Analysis Of Holden Caulfield 's ' The Catcher Rye ' Essay

Analysis Of Holden Caulfield 's ' The Catcher Rye ' Essay

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In J.D. Salinger’s The Catcher in the Rye, Holden Caulfield returns to his hometown, where he goes on an adventure to answer the questions he has about life. After being kicked out of his third boarding school, Holden Caulfield spends three days alone in New York.While in New York, Holden constantly thinks about his old friend Jane Gallagher, who Holden’s old roommate just went on a date with the night Holden left Pencey Prep School. He also meets up with his little sister Phoebe and takes her to the zoo to ride on the carousel. One of the many things that the reader is exposed to during Holden’s adventure is his desire to protect the innocent. Holden constantly mentions how little kids are corrupted by the phony adult society and how he would like to preserve their innocence. Holden Caulfield shows his desire to protect the innocence of youth through his memories about Jane, interactions with Phoebe, and obsession with children’s purity.
During Holden’s childhood, he knew a girl named Jane Gallagher who he would play checkers with. Jane had this habit of keeping her kings in the back row of the board because they looked nice. Salinger used Jane’s action of keeping her kings in the back row to express her innocence that Holden remembers. Holden claims that when they used to play checkers, “She wouldn’t move any of her Kings… She’d just leave it in the back row. Then she’d never use them. She liked the way they looked when they were all in the back row” (Salinger 36). The action of not moving the checkers because they looked nice is very childlike, and this childlike action is how Holden remembers Jane. He remembers her as a girl who didn’t care about winning or losing, she only cared about the kings looking nice all lined up. Thi...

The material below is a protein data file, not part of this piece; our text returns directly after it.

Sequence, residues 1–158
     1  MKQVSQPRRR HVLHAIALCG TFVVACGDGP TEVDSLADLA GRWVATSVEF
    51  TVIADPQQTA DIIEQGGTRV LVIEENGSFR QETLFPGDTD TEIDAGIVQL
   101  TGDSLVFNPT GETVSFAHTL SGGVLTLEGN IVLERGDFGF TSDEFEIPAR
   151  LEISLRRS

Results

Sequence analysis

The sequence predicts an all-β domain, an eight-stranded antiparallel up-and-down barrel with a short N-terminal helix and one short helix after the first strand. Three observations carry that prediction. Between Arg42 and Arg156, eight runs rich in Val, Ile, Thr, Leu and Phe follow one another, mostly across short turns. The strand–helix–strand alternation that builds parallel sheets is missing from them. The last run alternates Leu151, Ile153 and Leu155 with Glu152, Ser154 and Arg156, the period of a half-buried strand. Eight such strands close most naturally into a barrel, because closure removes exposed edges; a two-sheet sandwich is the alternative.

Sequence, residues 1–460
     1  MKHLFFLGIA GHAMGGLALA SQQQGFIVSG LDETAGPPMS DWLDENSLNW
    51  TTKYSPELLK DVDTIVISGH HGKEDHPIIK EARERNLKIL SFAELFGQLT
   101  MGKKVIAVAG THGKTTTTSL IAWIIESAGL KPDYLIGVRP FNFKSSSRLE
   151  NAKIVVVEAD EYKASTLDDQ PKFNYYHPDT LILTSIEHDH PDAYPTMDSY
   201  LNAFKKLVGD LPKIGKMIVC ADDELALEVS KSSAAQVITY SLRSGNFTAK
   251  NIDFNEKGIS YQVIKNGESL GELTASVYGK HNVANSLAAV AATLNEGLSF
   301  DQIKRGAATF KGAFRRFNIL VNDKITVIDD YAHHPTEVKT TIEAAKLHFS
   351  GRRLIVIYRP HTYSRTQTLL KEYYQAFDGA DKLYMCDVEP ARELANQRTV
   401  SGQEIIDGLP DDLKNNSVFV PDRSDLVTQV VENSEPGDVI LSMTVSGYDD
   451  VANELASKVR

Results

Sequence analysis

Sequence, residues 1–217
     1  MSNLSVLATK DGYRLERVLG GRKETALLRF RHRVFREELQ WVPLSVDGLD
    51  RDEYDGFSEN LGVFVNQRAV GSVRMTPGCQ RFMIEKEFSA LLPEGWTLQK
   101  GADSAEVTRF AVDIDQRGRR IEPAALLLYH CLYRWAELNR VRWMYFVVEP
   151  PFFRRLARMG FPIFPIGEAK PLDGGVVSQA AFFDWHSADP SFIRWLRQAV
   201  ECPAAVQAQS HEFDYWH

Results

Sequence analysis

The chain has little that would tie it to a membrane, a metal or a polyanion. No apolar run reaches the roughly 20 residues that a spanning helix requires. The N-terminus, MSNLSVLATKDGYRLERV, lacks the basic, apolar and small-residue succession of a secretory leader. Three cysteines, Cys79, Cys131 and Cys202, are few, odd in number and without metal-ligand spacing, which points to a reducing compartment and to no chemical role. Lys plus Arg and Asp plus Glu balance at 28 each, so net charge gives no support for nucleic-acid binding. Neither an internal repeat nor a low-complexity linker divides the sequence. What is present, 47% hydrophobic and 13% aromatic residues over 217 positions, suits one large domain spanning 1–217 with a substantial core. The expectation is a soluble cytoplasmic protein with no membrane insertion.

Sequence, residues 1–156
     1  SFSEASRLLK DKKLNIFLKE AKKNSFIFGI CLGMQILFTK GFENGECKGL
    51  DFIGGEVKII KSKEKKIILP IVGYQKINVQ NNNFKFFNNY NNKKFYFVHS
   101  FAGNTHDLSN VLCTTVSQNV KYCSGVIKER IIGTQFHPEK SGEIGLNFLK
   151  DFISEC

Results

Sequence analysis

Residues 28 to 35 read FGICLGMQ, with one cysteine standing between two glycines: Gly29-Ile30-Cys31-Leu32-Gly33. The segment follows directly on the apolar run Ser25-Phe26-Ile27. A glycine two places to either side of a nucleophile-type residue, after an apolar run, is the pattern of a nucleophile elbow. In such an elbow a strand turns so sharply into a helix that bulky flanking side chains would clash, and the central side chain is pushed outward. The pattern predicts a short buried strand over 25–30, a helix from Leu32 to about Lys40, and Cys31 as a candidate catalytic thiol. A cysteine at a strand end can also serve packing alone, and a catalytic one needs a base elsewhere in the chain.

... middle of paper ... to protect their innocence. Alsen said that “the way Holden explains why he wants to be the catcher in the rye show the kindness and unselfishness of his character” (Alsen). Holden wants to protect children’s innocence purely out of the kindness of his heart.
Salinger uses Holden’s memories about Jane, interactions with Phoebe, and obsession with children’s purity to express Holden’s desire to protect the innocence of children. Due to Holden’s love of Jane, Phoebe, and children, he chooses to express his desire toward them . Similarly to Holden, parents today try to protect the innocence of their children whom they love through limiting internet access and trying to cut their exposure of inappropriate topics. Even though times have changed, the desire to protect the innocence of the loved ones is still as strong as it was when Catcher in the Rye was written.

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